Aida Turturro: Family First

Lisa Mazzuco

Aida Turturro — who will perform in Monica Bauer’s one-act as part of The Neo-Political Cowgirls’ “Andromeda’s Sisters” on Thursday, June 28 at Guild Hall in East Hampton — is best known for her twice Emmy-nominated role as Janice Soprano in “The Sopranos,” the blockbuster HBO show about a Mafia crime family, and, well, a family.

And for full-time Montauk resident Turturro, it’s all about family. According to the actress, family can be found everywhere, whether it’s through her own relations or the communities she’s formed throughout her life.

And becoming part a new community seems to come easy to the friendly and outgoing Turturro. We talked about food, about jewelry, about our pets, more about food — one of those times when the interviewer becomes the interviewee for a while. After spending only a few minutes with her, it already felt like we had known each other for years. And I hope we do.

“I’m a girl who grew up on the Lower East Side of Manhattan, before it was really cool,” she said. “My dad was a very talented artist. We lived in an unrenovated synagogue. I was one of the few white kids in the neighborhood, and I loved it. It was a real neighborhood. We’d play handball; I could let my cats go outside and they would come home. It was just a beautiful community.”

She continued to seek that community everywhere she went. “Later on, I moved to Irving, and I had the same thing there. And Montauk — it’s the same. It’s down to Earth, the people are great; they stick together. When someone has a problem in this community, everyone gathers together to help. I feel like I’m home here.”

She even has family in the area. Fierro’s Pizza in East Hampton — “the best pizza!” — are cousins from her mother’s side. “It was just so great to meet them and get to know them,” she effused. “Family is everywhere.”


Life growing up wasn’t always easy, as all families have their stuff. Turturro admits to basically being on her own from the age of 15 on, putting herself through college at SUNY New Paltz and taking control of her own destiny and career at an early age.

It was the day after Fathers’ Day when we met — with both of us missing our dads, talk naturally turned in that direction.

The Turturros spent time during the summers going to the beach, “even though dad was an artist, he always found the money to take us to Martha’s Vineyard or somewhere,” but never made it as far as The End. “So, when I came out here for the first time, I got that feeling, like I was with my family again during some of our happiest times together. I wish dad could have seen this place.”

Although her father, Dominick, passed in 2002, Turturro feels he’s still with her, and especially in Montauk. And they shared a happy moment the year before he died, when she took him to the Emmy Awards.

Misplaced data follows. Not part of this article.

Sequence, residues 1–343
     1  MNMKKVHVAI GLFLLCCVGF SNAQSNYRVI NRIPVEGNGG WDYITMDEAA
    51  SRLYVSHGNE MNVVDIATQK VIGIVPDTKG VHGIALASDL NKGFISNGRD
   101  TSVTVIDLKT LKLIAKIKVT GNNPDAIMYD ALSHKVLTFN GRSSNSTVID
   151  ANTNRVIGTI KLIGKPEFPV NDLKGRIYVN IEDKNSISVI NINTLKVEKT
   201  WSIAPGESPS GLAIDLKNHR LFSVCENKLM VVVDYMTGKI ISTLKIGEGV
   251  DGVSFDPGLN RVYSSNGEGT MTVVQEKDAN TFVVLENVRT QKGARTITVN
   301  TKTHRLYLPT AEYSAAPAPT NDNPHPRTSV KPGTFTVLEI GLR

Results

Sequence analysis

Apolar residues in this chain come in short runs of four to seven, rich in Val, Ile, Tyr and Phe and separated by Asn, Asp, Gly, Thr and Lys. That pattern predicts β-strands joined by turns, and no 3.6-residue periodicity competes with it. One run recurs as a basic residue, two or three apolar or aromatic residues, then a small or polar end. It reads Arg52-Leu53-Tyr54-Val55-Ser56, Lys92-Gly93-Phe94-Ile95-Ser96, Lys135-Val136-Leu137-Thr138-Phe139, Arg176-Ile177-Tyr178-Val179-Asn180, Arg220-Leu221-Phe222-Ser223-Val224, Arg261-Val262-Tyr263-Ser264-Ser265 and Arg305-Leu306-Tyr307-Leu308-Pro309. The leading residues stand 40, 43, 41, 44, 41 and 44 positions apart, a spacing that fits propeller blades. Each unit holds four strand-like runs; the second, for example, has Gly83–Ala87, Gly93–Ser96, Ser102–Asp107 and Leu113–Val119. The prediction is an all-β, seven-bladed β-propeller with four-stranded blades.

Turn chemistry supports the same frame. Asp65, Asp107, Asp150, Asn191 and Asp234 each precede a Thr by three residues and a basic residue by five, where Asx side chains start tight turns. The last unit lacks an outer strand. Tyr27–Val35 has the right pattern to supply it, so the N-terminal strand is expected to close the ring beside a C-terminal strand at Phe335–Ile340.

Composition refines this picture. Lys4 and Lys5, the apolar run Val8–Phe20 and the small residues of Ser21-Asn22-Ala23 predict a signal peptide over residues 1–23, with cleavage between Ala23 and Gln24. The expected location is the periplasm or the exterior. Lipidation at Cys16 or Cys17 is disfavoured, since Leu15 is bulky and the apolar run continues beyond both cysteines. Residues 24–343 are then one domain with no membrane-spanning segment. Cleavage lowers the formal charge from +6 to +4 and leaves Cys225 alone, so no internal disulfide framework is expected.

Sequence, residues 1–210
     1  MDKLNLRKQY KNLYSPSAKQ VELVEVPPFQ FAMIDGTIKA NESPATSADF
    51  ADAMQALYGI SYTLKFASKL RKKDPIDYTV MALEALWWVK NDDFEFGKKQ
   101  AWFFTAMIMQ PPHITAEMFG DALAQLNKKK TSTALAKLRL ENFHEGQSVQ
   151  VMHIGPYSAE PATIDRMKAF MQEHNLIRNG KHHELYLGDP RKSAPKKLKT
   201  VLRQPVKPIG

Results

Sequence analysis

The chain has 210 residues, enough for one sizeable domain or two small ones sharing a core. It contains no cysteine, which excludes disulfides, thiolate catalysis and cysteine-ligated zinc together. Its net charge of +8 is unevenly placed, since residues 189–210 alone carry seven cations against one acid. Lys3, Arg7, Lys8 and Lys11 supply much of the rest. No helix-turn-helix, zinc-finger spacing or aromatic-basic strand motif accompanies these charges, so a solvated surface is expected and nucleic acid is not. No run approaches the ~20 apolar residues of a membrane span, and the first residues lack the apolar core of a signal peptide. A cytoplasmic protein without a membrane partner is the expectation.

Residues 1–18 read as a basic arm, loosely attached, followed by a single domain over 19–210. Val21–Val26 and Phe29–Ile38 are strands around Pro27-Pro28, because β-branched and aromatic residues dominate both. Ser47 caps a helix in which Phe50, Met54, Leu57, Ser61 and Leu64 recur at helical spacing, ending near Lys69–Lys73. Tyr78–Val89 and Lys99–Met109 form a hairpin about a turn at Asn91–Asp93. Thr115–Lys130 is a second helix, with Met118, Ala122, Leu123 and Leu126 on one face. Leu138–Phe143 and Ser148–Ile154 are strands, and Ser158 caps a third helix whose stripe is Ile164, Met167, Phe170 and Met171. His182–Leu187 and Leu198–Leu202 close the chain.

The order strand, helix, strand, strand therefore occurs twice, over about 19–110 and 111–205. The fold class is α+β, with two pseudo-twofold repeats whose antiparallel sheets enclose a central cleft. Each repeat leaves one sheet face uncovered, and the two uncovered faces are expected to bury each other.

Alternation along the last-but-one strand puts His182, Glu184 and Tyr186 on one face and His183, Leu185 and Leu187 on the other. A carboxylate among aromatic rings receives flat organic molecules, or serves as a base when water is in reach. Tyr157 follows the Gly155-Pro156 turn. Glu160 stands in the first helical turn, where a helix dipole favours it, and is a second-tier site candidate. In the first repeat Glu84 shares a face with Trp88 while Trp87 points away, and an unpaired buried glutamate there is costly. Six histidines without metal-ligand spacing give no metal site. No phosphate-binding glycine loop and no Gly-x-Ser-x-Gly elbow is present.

“It was nice to be nominated for the Emmy — my dad wasn’t in my life sometimes, but he came back into my life around then — and I got to take him to the awards show. I didn’t win, but I didn’t care! And he didn’t care either. The best part was being able to spoil him, buy him new clothes, stay in a fancy hotel, and I know that he was so proud of me. He painted me a beautiful birthday card that year that said, ‘You keep inventing yourself.’ I had it framed. We got to share that beautiful moment together.”


And “The Sopranos” was a family too — and the heart, according to Turturro, was the late James Gandolfini.

“We were blessed. Like the way I came out here and fell in love with the people? It was like that. It wasn’t just a hit show, we were blessed with an insane quality of writing. But the truth is, you can have that and still have a miserable group. But we had an amazing, beautiful group, stemming from the love from James. It has to start from the top and James, Edie [Falco], David [Chase, the show’s creator], we all were a family, like a family who supports each other,” she recalled.

“I still see Edie all the time, and the kids. It’s almost in your body, in your cells, you feel it — this is my family, this is not just a job. What a wonderful, giving, generous group.”

Turturro hasn’t performed on stage in a while, but she believes in the ideals behind The Neo-Political Cowgirls’ “Andromeda’s Sisters” — women helping women. “We have to, in this industry. And we need better parts for women, whether they’re written by women or men,” she said.

She’s honored to be part of the June 28 event. “It’s a new thing for me. I haven’t performed at Guild Hall before. I’m not the kind of person who pushes myself on something, so I’m so grateful that Kate Mueth asked me. And it’s a good cause, and it allows me to enjoy being part of yet another community, and to enjoy entertaining people.”

For Turturro, connection is critical, and here, she feels connected. “I may not be a local, but for me, this is home.”

For more information and tickets to “Andromeda’s Sisters,” visit

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